Quito, Ecuador was supposed to be a place that we flew into to get to our journey for the Galapagos Islands, just a stopping point before proceeding further. I usually book a couple of extra days on the front side and back side of a trip when I have to do that, because I usually find things to do in the stopping off place. It also gives me a chance to acclimate to climate, altitude, etc.
Quito was a gem on the way to someplace amazing. I researched a few things before I arrived. I found out there was some nice hiking in the area. I saw a little article about the Mindo Cloud Forest. I heard about a market north of town and that most of the world’s roses were grown there.
We stayed at the Hilton Colon in Quito. It was very nice, and the staff were very friendly and helpful. This was the hotel we would connect at for our G Adventures tour to the Galapagos, so I felt like it made it easy to just stay there. There were always roses in the lobby. In the market, you can buy 25 roses for a dollar.
Once we dropped our bags off at the room, we made our way to the concierge’s desk. He gave us brochures for tours. I am not a fan of tours. I asked him if he could get us a private driver who spoke English. The difference between a private driver and two of us taking a tour was $20 per day. He told us to come back in the morning around 8 AM and he would have a driver waiting for us. We ate dinner at the hotel and called it a night.
The next morning, we had breakfast and made our way to the lobby. The concierge introduced us to our driver, Luis Saltos. Luis was amazing! He asked us what we wanted to do and see. We told him we would like to photograph Cotopaxi and asked him to tell us what we should see. He told us we would head for Cotopaxi first. Our first day’s journey began.
We drove about two hours South of Quito. Luis stopped at a few places he thought would have good views and allowed us to take pictures. He then drove us into the Cotopaxi National Park. Cotapaxi is an active volcano. The name means “neck of the moon.”
He went inside to find us a guide (park rules), and Julie and I shopped at some of the booths that were set up inside. We realized very quickly that we were dressed for the Galapagos, not a hike in the mountains. I had layered with a couple of lightweight jackets, but as we drove upward it was considerably colder. We purchased some alpaca scarves, a beanie, and an alpaca poncho. We were ready to hike.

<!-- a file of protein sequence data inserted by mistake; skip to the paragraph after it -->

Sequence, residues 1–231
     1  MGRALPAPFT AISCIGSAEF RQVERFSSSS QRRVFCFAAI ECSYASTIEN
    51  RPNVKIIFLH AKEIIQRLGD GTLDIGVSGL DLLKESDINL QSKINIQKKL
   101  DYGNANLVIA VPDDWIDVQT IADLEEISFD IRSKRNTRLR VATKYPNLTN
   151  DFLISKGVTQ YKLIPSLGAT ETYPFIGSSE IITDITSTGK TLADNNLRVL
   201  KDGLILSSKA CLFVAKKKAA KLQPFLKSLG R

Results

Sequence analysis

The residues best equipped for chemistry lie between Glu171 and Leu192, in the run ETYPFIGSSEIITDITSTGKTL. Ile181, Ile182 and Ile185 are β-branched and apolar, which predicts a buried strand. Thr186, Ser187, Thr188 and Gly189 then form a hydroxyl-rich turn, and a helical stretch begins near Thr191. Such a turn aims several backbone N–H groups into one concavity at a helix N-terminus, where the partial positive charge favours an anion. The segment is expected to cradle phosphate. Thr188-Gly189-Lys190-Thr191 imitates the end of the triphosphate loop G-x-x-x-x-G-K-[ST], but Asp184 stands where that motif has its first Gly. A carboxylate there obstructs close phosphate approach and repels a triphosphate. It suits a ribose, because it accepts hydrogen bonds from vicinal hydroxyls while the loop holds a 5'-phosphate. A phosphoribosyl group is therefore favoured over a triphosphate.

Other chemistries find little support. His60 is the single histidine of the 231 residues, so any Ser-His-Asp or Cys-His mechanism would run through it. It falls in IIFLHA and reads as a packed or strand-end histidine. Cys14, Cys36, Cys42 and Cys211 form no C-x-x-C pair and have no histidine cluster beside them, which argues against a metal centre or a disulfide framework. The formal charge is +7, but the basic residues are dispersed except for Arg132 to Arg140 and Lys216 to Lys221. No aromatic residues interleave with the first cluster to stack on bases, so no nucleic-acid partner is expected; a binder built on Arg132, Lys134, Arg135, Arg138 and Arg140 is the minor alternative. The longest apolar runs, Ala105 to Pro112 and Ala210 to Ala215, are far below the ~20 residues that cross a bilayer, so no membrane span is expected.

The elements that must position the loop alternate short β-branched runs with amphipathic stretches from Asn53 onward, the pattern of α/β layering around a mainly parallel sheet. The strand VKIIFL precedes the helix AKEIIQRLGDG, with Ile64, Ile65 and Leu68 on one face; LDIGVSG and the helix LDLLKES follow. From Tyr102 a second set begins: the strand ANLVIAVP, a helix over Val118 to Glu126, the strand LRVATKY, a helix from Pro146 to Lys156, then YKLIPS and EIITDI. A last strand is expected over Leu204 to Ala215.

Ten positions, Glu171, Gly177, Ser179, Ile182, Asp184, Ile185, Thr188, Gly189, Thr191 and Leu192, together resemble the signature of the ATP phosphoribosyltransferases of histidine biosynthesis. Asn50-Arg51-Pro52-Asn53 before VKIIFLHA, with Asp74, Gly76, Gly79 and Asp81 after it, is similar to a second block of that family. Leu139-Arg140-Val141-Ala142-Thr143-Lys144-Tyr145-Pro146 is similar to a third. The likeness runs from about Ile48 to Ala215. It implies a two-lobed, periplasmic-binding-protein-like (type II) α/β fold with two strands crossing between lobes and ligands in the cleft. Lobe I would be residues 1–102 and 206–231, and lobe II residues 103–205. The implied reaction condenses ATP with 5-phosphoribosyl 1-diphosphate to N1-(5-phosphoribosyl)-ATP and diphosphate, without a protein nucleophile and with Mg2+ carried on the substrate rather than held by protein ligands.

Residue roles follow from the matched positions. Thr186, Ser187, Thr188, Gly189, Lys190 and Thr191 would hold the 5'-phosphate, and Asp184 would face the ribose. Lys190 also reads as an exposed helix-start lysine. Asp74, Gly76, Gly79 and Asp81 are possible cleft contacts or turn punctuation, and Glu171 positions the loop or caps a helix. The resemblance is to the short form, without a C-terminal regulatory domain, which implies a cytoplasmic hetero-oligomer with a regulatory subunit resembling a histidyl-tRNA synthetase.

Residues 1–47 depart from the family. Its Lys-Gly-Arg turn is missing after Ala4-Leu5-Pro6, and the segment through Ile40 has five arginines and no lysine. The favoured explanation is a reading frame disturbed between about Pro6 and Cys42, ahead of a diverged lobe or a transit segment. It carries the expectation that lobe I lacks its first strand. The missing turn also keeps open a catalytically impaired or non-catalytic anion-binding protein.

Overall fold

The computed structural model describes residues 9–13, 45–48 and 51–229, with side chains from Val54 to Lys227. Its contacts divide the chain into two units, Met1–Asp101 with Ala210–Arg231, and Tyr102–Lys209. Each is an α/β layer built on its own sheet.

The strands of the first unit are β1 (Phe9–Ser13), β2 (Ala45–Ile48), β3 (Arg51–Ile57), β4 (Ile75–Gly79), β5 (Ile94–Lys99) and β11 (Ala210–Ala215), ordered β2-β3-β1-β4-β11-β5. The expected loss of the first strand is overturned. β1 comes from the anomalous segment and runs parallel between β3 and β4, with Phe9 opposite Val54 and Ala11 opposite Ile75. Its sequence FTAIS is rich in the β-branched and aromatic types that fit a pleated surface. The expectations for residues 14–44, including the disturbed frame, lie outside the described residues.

Luis found his way back to us with a guide in tow. Her name was Paulina. She was dressed like the women dress in the mountains—poncho, felt hat, and colorful clothing. She was so very sweet. She told us the day was cloudy, but with some luck, we might get a glimpse of the summit at Cotopaxi. I told her I believed we would have a good day. She said I had very good energy.
We drove up a little road that was worn like a washboard. Paulina said this was the massage and there was no extra charge for that. She explained about the trees. The crying trees came from Chile. The other pines came from the U.S.
We stopped in the car and she said we had arrived at “the magic area.”
On one side of the road were feral horses. Behind them was Ruminahui. It is a dormant volcano. The name means “stone face.” On our right was Cotopaxi. Lots of clouds were covering the snowcapped summit. It was cold and windy and magnificent.
We took pictures of the horses, then sat and waited. Waited for the heavens to part and a bit of sun to come out. Most people don’t understand that the biggest part of photography is waiting. Waiting for the light to get right. Waiting for an animal or wildlife to show up. Waiting for wildlife to look your way or run by you. It is in these moments that you just soak up the moment.
After a bit, the sun peaked through and we were able to see the snow capped summit. On an overcast day, this was going to be our best shot. She said summertime was better for those days. We shrugged our shoulders and smiled. We were there for the best time of year for the Galapagos, and anything extra as far as a photograph was concerned was icing on the cake. We were happy. Happy to be in this amazing place. We had good energy!
We hiked all over the side of the mountain. Once we finished, Paulina took us down to the lagoon. Limpiopungo (clean entrance gate)—on a clear day, that is when you will get the reflection of Cotopaxi in the lagoon. These are the pictures I have seen in magazines. This day was not a clear day and not cooperating for that shot.
I told Paulina, what I really wanted was a shot of a llama beside the mountains. She said, “My mama has a llama. We will go meet him.” We travelled back down the narrow road and sure enough we ended up at her mama’s house and met the llama.
She said, “He does not spit.” Julie and I walked up to him, and I was talking baby talk. He was very curious and put his nose and lips right up to mine. I fell in love with this llama!
We bid farewell to Paulina. Luis said he would take us to the Equator next.
Read more about Danette Benton’s adventures at passportgal.com.
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